Dear fashion editors,
I have something to get off my chest: I’m in 30s, and I refuse to take any of your advice about the various ways I should be “updating” my wardrobe, developing a “signature” style, changing my shopping habits, or investing in “timeless” basics. I’ll wear whatever the hell I want. There, I said it.
I’m over being told I need to cease buying anything trendy and only shop “the classics.” I’m bored of reading how I won’t be taken seriously if I wear a short skirt. I’m sick of editors trying to turn me into a Jackie Kennedy Onassis prototype. I despise ballet flats. I’m not convinced you’re any less of a woman if you don’t own a trench coat. I hated pearls when I was 15, and I hate them now.
If I sound hostile, let me explain: Since I oversee the women’s site you’re reading right now, I understand better than anyone that slightly hysterical headlines such as “the 10 Things You Should NEVER Wear Once You Turn 30” are enticing. You click them. I click them. We add them to our “style 101” Pinterest boards. Why? Because most women never tire of reading about the things we “shouldn’t” be doing, buying, and wearing.
Here’s the thing, though: Not only are these types of articles laughably cliché, but they’re also hypocritical. Without fail, they’ll earnestly tell you it’s time to start dressing for yourself and moving away from what other people think. To be your own woman! Take risks!
But, a few paragraphs down, the story will implore you to stop buying into fads, to take anything inexpensive, humorous, or trend-driven to the trash, and to run like Usain Bolt to the nearest Barneys and start throwing all your newly-disposable income toward “upgrading your essentials.”
Truthfully? I don’t want to! I’m perfectly thrilled with the things I own that you’d deem “essential”: The $49 dollar cashmere sweater I got at Joe Fresh on sale, the black blazer with the perfectly padded shoulders I got at Zara, and the black cropped BDG skinny jeans from Urban Outfitters I hoard by the dozen. That said, I’m equally as thrilled with the denim backpack covered in skull patches I got at Dolls Kill, the cute matching shorts set I got at Pixie Market, and the floral platform sandals I got at ASOS. I will not—now or ever—exclusively start shopping in the “misses” department, which one article outright told me I should be doing.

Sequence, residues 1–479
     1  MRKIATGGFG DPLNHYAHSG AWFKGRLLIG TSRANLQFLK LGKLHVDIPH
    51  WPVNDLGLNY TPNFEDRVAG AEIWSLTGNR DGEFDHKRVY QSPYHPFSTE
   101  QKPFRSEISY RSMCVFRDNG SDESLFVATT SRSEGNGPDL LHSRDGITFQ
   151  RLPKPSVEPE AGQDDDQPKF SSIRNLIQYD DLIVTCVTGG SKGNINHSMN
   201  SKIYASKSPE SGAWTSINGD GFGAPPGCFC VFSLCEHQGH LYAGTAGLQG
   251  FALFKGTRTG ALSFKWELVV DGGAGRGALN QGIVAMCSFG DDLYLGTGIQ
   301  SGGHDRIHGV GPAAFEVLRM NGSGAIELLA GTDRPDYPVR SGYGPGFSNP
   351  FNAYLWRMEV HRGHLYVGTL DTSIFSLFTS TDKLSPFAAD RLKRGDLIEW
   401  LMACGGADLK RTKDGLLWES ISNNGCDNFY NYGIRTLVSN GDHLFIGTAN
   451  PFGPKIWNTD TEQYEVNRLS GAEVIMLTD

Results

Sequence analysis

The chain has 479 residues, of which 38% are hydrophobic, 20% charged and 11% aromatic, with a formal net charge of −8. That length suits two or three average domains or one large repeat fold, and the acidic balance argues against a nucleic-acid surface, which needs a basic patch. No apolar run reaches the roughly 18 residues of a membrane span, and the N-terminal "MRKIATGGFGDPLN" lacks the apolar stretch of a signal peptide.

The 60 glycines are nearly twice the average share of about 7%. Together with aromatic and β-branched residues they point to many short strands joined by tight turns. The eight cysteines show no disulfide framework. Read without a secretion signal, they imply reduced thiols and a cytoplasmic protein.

I’m not someone you’d consider particularly edgy or left of center, but I have a lot fun with style. I also have a firm handle on style. It’s important for women of any age to understand that dressing has little to do with the year you were born, but rather everything to do with propriety. Would I show up to a wedding wearing the aforementioned matching set from Pixie Market? Of course not. Would I go on a job interview wearing the crazy multicolor sequin crop top that looks so damn cute with high-waisted jeans and orange lipstick? Not a chance. Will I shelve those things for good because I’m no longer in my 20s? Get outta here.
I take issue with the idea that every woman who hits 30 is suddenly expected to morph into a corporate stereotype. Am I higher up in my career than I was at 23? Technically, sure. Back then I was working at a theater company for $100 a week trying to fulfill a dream that didn’t work out, so I took a different path. Granted, that path is creative and cool, but I personally don’t feel my fashion choices after I turned 30 would have held me back from any job. I’m lucky I’m able to wear my checkered Vans to the office, but if I couldn’t, I’d still find ways to express myself beyond a black Theory suit, a dainty little watch, and a “forever” bag.
And while, yes, many people naturally make more money as they age, it’s silly to assume that’s universal. I have female friends who are lawyers at white-shoe firms, and I have female friends who are teachers, aspiring directors, and jewelry-makers who don’t have the money to run out and buy a “timeless” pair of Manolo Blahnik BB pumps because they’re in their third decade of life. And even if they could, not everyone wants a pair. Women find themselves in so many different places once they enter their 30s, and I think it’s lazy to stick us into a dated one-style-fits-all box.
With each passing year, my excitement for shopping, personal style, and finding new ways to stand out grows. Will I wear simple outfits that consist of things like a white button-down and a pair of black pants sometimes? Of course. But I also unapologetically follow trends. That’s not to say I’m a slave to them—I certainly don’t buy into every passing fad—but when I see one I like, I might head to H&M, Forever 21, & Other Stories, or ASOS to try it out, and never worry I’m too “old” for it.
Same goes for things that might not be on trend, but are enticing to me, personally, no matter how bright, shiny, weird, kitschy, or out there they are. The best part about that? I’m old enough to know that’s just the way I am. And I’ll continue to be that way until my right hand can no longer add that pink fur bag to my virtual cart.